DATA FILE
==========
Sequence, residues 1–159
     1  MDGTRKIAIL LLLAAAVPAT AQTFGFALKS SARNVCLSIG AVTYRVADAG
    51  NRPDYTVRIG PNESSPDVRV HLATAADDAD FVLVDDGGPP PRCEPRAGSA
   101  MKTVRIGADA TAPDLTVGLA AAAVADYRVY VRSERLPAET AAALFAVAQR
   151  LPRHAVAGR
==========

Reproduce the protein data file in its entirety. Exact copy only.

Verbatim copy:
Sequence, residues 1–159
     1  MDGTRKIAIL LLLAAAVPAT AQTFGFALKS SARNVCLSIG AVTYRVADAG
    51  NRPDYTVRIG PNESSPDVRV HLATAADDAD FVLVDDGGPP PRCEPRAGSA
   101  MKTVRIGADA TAPDLTVGLA AAAVADYRVY VRSERLPAET AAALFAVAQR
   151  LPRHAVAGR